Chest Infections |

Propionibacterium acnes Presenting With Mediastinal Lymphadenopathy in the Absence of Sarcoidosis FREE TO VIEW

Anita Rajagopal, MD; Krishnan Rajagopal, MD
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Department of Internal Medicine, St Vincent Medical Center, Indianapolis, IN

Chest. 2014;145(3_MeetingAbstracts):125A. doi:10.1378/chest.1775446
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SESSION TITLE: Infectious Diseases Cases

SESSION TYPE: Case Reports

PRESENTED ON: Saturday, March 22, 2014 at 04:15 PM - 05:15 PM

INTRODUCTION: Propionibacterium acnes is a gram positive bacterium that is most commonly associated with the skin condition acne. P. acnes can be found in bronchoalveoloar lavage of approximately 70% of patients with sarcoidosis and is associated with disease activity [1]. It was isolated in high rates and concentrations from lymph nodes in sarcoidosis [2]. We present a case of mediastinal lymphadenopathy secondary to P. acnes in the absence of sarcoidosis.

CASE PRESENTATION: A 24-year-old male with no past medical history, medications, or environmental exposures presents with shortness of breath associated with cough. One month prior he had an upper respiratory infection. Chest CT revealed presence of hilar and mediastinal adenopathy. Work up including ACE level, fungal serologies, IgE levels, and serum quantiferon gold were all unrevealing. He then underwent fiberoptic bronchoscopy. Multiple biopsies, washings, and brushings did not yield a diagnosis. Notably, there was an absence of granulomas. Due to concern for lymphoma, given a positive family history, mediastinoscopy was performed. Pathology of the lymph nodes unmasked gram positive anaerobe, P. acnes. Doxycycline was started. Symptomatic improvement was noted at follow up visit. Repeat chest CT noted improvement in hilar and mediastinal adenopathy.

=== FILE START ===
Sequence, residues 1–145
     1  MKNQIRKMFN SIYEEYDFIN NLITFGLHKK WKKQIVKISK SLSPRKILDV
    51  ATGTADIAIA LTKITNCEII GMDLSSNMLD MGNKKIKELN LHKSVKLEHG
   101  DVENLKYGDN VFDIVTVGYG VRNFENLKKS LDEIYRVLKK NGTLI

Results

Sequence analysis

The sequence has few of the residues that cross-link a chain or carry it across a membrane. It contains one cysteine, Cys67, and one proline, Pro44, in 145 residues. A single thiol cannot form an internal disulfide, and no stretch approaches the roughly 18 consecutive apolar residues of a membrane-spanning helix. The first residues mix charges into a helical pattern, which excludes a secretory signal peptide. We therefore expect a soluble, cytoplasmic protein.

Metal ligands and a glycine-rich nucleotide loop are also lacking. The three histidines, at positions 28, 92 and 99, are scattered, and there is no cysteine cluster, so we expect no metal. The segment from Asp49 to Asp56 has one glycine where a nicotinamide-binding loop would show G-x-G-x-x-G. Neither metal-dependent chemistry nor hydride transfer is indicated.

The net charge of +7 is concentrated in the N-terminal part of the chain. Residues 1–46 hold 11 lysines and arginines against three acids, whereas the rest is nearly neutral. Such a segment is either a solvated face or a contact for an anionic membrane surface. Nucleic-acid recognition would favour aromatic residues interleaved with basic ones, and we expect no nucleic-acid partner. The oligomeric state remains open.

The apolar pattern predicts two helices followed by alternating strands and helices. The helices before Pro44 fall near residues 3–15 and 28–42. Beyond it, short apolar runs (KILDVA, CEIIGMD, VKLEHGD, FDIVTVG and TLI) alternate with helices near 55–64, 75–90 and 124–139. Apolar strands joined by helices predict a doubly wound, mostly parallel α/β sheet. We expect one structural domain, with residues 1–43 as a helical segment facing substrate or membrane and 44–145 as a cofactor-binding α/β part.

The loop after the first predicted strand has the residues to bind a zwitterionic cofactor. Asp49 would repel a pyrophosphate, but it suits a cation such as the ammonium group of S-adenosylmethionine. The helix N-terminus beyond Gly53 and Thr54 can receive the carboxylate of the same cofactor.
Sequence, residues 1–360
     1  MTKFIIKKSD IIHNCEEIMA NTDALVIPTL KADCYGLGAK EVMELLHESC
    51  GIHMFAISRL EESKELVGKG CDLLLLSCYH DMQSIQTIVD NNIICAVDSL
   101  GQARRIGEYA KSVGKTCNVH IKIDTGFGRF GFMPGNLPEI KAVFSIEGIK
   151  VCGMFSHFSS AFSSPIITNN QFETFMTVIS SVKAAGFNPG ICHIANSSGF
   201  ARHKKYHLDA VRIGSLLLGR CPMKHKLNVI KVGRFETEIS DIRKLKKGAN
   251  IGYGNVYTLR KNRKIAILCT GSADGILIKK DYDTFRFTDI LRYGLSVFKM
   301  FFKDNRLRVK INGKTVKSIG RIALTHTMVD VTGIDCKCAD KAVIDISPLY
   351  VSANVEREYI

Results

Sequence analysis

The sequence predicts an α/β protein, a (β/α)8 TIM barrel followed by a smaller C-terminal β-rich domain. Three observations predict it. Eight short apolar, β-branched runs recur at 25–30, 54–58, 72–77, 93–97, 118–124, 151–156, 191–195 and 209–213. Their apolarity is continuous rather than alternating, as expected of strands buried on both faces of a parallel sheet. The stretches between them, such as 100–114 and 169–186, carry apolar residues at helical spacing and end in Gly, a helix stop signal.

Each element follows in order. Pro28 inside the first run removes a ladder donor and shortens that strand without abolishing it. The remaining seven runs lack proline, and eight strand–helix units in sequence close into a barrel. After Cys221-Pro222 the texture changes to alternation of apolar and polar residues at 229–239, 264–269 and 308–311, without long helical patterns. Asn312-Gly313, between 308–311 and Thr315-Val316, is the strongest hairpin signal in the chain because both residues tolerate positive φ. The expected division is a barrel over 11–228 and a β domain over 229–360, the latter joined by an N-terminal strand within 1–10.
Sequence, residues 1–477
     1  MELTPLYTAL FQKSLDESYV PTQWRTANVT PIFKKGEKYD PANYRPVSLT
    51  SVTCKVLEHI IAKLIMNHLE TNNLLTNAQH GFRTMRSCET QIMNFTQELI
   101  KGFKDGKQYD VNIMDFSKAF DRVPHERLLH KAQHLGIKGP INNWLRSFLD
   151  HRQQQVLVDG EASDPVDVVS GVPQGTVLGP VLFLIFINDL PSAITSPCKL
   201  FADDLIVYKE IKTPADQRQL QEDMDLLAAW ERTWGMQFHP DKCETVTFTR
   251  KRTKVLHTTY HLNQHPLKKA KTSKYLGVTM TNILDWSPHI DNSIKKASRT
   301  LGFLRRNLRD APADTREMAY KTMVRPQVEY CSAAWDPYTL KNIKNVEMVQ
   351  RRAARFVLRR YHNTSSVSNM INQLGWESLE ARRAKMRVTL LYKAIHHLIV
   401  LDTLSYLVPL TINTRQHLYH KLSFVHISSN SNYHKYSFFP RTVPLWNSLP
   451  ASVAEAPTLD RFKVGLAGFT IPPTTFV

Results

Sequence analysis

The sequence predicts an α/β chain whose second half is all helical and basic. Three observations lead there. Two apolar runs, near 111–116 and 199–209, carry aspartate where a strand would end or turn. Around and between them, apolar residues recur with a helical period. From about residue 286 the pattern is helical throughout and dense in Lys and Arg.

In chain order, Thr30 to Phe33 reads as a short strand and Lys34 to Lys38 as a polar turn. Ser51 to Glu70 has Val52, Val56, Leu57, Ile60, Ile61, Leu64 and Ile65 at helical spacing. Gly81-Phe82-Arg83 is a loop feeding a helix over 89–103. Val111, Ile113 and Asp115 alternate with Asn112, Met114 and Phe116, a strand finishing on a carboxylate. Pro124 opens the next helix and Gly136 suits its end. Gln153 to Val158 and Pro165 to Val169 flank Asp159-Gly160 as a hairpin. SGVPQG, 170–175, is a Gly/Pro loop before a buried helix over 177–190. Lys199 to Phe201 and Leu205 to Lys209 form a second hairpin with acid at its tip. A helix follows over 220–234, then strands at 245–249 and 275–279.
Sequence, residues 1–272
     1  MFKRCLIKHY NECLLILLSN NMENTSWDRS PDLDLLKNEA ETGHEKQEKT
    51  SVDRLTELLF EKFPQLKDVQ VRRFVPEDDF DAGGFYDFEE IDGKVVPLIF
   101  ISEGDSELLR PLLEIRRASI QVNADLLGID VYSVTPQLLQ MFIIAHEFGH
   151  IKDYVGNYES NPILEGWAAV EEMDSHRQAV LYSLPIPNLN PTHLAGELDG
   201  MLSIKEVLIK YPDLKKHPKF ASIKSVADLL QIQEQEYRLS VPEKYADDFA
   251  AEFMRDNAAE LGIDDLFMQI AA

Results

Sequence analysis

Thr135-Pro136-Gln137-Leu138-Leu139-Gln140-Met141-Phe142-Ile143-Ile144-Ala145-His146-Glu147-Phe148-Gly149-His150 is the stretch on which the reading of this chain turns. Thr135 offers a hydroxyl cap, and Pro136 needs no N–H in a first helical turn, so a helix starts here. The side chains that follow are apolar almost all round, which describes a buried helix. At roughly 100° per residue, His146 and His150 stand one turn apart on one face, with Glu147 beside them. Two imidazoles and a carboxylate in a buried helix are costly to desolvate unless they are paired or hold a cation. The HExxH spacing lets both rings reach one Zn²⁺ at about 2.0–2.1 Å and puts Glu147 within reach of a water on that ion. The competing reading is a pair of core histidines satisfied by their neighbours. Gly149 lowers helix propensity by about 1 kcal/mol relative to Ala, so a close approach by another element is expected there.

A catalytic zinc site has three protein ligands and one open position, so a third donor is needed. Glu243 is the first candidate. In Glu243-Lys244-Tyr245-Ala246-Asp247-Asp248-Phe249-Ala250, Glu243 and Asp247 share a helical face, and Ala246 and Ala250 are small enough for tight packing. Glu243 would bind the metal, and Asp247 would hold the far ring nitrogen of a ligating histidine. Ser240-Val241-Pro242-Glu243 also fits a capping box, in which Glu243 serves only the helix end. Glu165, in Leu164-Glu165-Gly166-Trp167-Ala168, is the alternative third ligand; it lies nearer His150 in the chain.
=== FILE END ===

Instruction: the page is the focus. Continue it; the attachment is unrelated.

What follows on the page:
DISCUSSION: Although P. acnes is most commonly recognized for skin acne, its role in mediastinal lymphadenopathy has been described in sarcoidosis. Here we describe a case of P. acnes in the absence of sarcoidosis. We bring to light the rare occurrence of P. acnes mediastinal lymphadenopathy to bring awareness to the condition which is often overlooked in the absence of sarcoidosis. We demonstrate the importance of including P. acnes in the differential of mediastinal lymphadenopathy.

CONCLUSIONS: This case illustrates the need to consider P. acnes in cases with mediastinal lymphadenopathy, even in the absence of sarcoidosis. Early diagnosis can lead to avoidance of unnecessary testing and early treatment.

Reference #1: Hiramatsu, J, et al. Propionibacterium acnes DNA detected in bronchoalveolar lavage cells from patients with sarcoidosis. Sarcoidosis, vasculitis, and diffuse lung diseases 2003:197-203

Reference #2: Nihon, N et al, The Journal of the Japanese Society of Internal Medicine (2003) 92: 7,1492-1497

DISCLOSURE: The following authors have nothing to disclose: Anita Rajagopal, Krishnan Rajagopal

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